London — The first flight across the English Channel by a sun-powered airplane ended successfully when Stpehen Ptacek piloted the stubby but graceful Solar Challenger into Manston airfield in Kent July 7.
The event is unlikely to strike terror into the hearts to airplane manufacturers who rely on jet or piston engines to propel their products.
But Solar Challenger's 5-hour, 180-mile journey from the outskirts of Paris to the eastern edge of Britain was hailed by the plane's designer, Paul MacCready, as a dramatic demonstration of the importance of solar energy as one of man's chief natural resources.
Dr. MacCready and his team of eight had been required to wait a month to prove their point. Consistently gloomy weather over that period denied the Solar Challenger's 16,000 solar cells the vital sunshine needed to hoist the tiny craft skyward and allow the diminutive Ptacek, selected for his lightness as well as his skill, to steer it for respectable distances through the air.
The sun at last come out July 7 and MacCready and his associate hastened to fit the bits and pieces of their brainchild together. Ptacek, the Challenger, and the sun did the rest.
The plane, its 47-foot wingspan exposing the solar cells to the sunshine, began to soar. When it reached 11,000 feet, the pilot leveled off and headed for Britain.
Ptacek said afterwards that the Challenger, pursued by chase planes, one of them containing MacCready, performed perfectly. It took exactly one hour to cross the stretch of water separating France from Britain.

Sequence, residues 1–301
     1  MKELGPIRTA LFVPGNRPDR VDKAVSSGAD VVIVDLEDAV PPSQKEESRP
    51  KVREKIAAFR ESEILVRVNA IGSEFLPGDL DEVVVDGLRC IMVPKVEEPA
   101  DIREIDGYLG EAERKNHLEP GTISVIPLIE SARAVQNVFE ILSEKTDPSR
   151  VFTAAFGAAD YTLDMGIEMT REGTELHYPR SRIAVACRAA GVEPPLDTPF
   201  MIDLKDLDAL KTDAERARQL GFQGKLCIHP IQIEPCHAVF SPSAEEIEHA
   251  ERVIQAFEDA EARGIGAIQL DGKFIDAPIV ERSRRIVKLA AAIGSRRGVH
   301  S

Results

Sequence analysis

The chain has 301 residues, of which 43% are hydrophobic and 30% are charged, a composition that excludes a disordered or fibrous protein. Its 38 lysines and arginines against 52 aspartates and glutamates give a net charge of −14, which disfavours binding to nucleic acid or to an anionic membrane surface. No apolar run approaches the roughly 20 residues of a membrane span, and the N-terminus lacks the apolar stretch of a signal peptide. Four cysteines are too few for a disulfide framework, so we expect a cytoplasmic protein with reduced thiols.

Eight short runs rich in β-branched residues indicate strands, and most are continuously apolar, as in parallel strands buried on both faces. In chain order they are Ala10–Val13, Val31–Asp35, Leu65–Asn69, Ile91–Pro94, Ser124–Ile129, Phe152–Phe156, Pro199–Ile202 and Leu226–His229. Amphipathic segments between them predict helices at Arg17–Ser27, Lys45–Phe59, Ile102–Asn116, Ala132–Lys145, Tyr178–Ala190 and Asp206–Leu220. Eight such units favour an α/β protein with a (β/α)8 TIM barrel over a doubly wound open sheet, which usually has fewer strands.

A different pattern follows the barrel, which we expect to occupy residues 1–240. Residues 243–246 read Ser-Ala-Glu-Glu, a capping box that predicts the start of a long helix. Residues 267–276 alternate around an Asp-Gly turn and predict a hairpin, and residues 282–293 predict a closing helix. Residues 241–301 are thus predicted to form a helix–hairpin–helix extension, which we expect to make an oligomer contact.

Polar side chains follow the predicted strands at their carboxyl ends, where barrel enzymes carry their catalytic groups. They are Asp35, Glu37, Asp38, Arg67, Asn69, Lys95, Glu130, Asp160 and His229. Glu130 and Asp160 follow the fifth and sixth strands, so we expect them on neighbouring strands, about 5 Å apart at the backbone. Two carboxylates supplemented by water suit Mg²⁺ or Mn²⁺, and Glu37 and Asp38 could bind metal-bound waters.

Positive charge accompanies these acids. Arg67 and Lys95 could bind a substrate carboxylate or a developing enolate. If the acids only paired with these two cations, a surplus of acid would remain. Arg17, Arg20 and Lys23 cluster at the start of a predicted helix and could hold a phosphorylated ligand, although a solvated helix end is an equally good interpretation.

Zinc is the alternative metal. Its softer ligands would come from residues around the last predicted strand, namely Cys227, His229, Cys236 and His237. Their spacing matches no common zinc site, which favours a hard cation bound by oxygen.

The flight would have been shorter if ground staff a Manston airfield had been ready for Solar Challenger's arrival. Ptacek had to circle the airport for half an hour while customs and immigration officials prepared themselves to receive the American pilot.
Dr. MacCready, who four years ago won a L50,000 ($100,000) prize for the first sustained and controlled airplane flight using human power, said Solar Challenger's journey was of great significance.
The aim of the venture, he said, was to focus attention on solar energy as an alternative to oil. "Our thinking over the past 70 years has been conditioned by the ready availability of lots of cheap energy and we are going to have to get by on less."
The main significance of the principle employed in Solar Challenger is long-term. It is thought that airliners in the future could use energy from the sun as motive power while cruising at high altitudes.
The Challenger's array of solar cells produces about 1.1 kilowatts per square yard of wing and tailplane area. A two-blade propeller can be turned on and off by the pilot.
So far the project has cost L340,000 ($680,000) of which fitting the solar cells accounted for L20,000 ($40 ,000) The cells are on loan from NASA.